In China, many villages also begin redevelopment and community replacement with the rapid industrialization and urbanization, which is often understood as China’s rural gentrification. Huaxi Village and Liede Village have also experienced industrial transformation and housing upgrading, but the villagers do not leave, instead rise to the upper-class during the transformation. They even become one of the wealthiest villages and are officially regarded as models for the redevelopment of rural life communities. However, this article argues that their development is actually based on the “village collective”, a form of Chinese rural organization that originates from the planned economy period. Today, it turns to “enterprise collective” to participate in a general competition for capital accumulation. Also, “space” becomes the primary accumulation strategy of “enterprise collective” because of the collective ownership of land, buildings, infrastructure, and culture. Therefore, this article takes “spatial practice” as a perspective to examine the rural redevelopment led by “village collective” in Liede Village and Huaxi Village. On the one hand, in rural industrialization in the 1970s, Huaxi “village collective” promotes industrial development mainly by expanding collective land and constructing buildings with modern images. On the other hand, Liede “village collective” mainly develops heritage tourism in response to the cultural economy boom in the 2000s, which relies on real estate development and the place-making based on collective culture. Finally, this article also points out that the redevelopment of Huaxi Village and Liede Village cannot avoid the issues of inequality because of its “corporate collective” nature. The villagers indeed lead a prosperous life, but it still relies on the exploitation and exclusion of others, especially migrant workers and urban renters.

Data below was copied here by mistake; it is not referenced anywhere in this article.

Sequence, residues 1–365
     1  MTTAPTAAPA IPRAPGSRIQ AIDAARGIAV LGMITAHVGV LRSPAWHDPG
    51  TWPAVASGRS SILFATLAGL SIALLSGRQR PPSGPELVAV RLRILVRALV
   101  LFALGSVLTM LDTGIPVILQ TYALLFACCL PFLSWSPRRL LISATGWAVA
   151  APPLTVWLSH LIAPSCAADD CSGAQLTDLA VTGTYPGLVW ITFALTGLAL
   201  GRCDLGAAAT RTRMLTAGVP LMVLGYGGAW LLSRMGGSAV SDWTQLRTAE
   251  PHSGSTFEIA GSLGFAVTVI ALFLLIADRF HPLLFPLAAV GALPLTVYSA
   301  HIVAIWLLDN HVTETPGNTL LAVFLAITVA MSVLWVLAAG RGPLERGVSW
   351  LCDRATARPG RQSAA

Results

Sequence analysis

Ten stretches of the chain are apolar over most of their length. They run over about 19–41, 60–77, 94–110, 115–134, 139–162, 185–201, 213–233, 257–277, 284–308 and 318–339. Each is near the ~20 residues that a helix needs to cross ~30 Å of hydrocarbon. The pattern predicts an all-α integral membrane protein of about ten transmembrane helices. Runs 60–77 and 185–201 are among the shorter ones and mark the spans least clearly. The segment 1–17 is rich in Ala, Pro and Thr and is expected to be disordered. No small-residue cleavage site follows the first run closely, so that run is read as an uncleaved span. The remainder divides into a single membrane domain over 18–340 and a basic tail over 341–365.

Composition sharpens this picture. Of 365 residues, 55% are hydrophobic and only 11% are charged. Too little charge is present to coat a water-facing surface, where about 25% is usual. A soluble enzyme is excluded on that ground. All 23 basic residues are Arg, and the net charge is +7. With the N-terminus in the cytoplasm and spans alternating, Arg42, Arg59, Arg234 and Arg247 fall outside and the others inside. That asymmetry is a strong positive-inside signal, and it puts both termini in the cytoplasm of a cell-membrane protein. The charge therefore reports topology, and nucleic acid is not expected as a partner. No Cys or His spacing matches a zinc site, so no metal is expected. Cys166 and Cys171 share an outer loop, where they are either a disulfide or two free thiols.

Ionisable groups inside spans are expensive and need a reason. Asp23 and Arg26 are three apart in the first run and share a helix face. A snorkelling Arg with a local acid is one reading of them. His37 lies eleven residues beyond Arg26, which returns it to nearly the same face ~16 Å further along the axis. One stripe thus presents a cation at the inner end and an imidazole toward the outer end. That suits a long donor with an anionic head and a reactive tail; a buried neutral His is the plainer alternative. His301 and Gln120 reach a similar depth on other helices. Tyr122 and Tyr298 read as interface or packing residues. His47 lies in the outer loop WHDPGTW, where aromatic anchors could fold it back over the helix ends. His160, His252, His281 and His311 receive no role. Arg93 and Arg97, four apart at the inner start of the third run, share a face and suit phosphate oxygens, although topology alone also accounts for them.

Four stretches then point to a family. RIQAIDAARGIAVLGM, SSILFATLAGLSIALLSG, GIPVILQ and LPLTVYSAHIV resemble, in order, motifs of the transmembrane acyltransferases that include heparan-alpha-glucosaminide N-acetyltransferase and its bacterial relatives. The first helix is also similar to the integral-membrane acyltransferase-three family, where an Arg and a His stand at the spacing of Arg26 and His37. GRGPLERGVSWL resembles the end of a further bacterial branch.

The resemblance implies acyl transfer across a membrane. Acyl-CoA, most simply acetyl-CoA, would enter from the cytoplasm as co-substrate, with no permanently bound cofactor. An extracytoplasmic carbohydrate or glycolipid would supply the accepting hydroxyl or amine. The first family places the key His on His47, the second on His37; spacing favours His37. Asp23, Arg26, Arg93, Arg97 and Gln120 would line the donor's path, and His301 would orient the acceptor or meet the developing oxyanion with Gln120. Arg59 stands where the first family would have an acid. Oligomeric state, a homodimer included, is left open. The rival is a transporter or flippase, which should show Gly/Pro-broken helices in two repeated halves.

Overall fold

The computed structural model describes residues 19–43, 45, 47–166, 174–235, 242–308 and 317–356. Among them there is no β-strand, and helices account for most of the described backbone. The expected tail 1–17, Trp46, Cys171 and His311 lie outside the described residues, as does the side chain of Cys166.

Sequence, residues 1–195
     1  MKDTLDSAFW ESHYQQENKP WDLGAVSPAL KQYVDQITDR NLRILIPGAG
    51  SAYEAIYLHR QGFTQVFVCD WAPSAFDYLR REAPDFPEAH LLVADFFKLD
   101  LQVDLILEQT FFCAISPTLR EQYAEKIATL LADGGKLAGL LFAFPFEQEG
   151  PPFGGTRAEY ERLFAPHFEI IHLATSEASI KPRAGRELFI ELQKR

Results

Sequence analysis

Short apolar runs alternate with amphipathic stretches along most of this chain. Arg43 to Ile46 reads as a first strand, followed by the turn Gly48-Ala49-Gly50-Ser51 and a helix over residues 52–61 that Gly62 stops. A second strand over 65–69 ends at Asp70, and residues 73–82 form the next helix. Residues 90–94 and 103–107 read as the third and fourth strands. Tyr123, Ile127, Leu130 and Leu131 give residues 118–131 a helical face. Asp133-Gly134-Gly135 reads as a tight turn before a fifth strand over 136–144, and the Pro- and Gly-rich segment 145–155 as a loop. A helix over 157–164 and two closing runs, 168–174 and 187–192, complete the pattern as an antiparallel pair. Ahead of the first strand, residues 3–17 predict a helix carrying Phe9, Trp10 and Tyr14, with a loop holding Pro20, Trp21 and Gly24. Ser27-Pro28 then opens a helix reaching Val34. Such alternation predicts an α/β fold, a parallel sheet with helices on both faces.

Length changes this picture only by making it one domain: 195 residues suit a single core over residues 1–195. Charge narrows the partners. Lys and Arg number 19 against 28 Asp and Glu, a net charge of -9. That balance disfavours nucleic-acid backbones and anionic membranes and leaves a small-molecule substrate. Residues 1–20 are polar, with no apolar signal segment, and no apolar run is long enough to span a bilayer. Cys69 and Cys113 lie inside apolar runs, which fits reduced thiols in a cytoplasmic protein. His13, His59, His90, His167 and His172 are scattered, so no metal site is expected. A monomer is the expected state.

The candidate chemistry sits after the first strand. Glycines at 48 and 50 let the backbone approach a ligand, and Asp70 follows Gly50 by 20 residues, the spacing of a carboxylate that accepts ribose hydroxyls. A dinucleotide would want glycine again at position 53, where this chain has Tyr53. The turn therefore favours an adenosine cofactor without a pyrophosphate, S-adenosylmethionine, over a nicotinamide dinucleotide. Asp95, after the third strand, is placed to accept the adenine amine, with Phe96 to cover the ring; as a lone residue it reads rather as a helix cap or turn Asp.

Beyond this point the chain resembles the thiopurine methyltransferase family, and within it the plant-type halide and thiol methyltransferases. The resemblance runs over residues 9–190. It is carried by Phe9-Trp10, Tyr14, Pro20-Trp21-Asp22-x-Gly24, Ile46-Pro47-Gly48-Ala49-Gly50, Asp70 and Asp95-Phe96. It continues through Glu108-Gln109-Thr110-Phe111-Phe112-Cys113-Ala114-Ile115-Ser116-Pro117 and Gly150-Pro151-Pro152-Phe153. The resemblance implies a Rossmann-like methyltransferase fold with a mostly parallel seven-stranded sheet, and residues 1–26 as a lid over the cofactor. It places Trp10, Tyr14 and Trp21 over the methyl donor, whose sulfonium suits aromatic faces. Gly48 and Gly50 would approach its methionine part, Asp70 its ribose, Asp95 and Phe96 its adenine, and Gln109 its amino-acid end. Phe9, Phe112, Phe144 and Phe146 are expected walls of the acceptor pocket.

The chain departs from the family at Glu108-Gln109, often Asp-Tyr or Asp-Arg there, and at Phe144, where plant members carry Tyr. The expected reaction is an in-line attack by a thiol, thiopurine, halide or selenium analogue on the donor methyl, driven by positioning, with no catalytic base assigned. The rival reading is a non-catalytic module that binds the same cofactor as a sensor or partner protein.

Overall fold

Yimeng Yang is studying for his double master’s degree offered by National Taiwan University, Leiden University, and the International Institute for Asian Studies (IIAS). His current research lies at heritage studies, mainly focusing on the issues about China’s urban politics and cultural governance. He is also very interested in the areas of rural development, tourism, and mobility.